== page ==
“And he said: “Truly I tell you, unless you change and become like little children, you will never enter the kingdom of heaven.” Matthew, 18:13
“In the end they will lay their freedom at our feet and say to us, Make us your slaves, but feed us.”
― Fyodor Dostoyevsky, The Grand Inquisitor
In the aftermath of the assassination of John F. Kennedy, America was in for a drastic change. In stark contrast to the 1940s and 50s that were characterized by order and respect for authority, the cultural revolution raged on through the 1960s. Lyndon B. Johnson succeeded Kennedy and energetically responded to the public demand for social change by legislating the Civil Rights of 1964, effectively de-legalizing segregation. Galvanized by Martin Luther King’s fiery oratory, the Black community aggressively challenged institutions they viewed as racist and oppressive. College students rallied against the Vietnam war and the authoritarian formalism of campus administrators.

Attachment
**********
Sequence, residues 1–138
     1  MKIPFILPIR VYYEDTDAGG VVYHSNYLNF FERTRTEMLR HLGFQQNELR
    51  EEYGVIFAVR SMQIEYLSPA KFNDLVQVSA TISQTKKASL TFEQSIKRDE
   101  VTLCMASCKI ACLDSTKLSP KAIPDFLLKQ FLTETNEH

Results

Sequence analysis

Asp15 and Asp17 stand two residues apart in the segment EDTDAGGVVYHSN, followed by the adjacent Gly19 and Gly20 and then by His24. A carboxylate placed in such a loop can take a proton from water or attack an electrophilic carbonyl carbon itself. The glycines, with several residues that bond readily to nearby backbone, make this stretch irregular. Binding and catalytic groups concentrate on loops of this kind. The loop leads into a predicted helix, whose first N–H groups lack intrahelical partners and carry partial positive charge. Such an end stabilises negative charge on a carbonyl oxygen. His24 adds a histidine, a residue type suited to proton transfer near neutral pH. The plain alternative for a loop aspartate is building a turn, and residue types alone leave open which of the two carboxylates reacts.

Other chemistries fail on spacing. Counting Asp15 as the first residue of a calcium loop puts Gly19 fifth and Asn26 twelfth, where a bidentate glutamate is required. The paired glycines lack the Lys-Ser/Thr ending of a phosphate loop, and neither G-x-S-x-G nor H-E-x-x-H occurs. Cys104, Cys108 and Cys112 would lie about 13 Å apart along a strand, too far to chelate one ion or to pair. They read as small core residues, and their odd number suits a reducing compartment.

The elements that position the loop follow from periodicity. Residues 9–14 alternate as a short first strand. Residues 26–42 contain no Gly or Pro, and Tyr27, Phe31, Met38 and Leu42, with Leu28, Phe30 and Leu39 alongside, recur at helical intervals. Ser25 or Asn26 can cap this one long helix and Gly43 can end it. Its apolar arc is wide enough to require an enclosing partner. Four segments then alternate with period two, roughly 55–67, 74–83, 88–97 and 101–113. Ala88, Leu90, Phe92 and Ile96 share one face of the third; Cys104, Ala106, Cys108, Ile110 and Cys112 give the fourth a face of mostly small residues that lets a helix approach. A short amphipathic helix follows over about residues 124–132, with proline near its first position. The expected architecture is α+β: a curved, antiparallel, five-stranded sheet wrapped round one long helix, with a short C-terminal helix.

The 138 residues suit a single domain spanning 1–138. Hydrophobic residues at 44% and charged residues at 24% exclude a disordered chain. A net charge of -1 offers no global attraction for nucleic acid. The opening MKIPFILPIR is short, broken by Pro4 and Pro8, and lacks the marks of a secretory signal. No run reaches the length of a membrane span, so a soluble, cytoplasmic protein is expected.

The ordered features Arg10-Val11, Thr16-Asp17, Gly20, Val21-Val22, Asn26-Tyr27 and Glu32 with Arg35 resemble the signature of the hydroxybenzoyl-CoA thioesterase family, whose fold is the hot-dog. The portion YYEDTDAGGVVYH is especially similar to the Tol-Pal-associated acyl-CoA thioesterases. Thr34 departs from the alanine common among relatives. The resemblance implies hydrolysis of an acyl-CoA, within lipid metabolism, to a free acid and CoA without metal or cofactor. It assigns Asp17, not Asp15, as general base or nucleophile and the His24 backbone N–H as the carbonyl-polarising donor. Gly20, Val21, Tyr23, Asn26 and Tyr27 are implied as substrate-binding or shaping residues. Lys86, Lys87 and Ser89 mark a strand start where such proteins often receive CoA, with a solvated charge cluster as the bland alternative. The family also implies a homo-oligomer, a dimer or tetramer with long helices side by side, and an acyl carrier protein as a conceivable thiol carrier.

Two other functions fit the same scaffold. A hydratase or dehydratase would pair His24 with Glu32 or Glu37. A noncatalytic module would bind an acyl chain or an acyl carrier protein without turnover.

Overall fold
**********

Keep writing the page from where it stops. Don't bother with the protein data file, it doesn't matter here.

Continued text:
Echoing the tumultuous spirit of the times, student activist Mario Savio urged his peers to put their bodies upon “the gears and upon the wheels, upon the levers, upon all the apparatus” and “to indicate to the people who run it, to the people who own it, that unless you’re free, the machine will be prevented from working at all!”. Contemporaneously, the seditious spirit reigned in Eastern Europe as Soviet forces quelled the Prague Spring and less than a decade ago, the Warsaw Pact subdued the Hungarian uprising. Even the USSR underwent a period of “De-Stalinization” under Kruschev’s leadership.
How Fascism is used as a pejorative to describe any opposing political movement
Defining Fascism and how most people who use the term cannot define it
Mussolini’s Italy as the truest form of fascism
How Hitler was not a generic Fascist and that Franco in Spain was not a Fascist at all Ernst Nolte‘s Fascism In Its Epochand his view that fascism was a counter-revolutionary movement to socialism
Non European movements influenced by Fascism such as Black Nationalist Marcus Garvey, Zionist Ze’ev Jabotinsky, and the Hindutva movement in India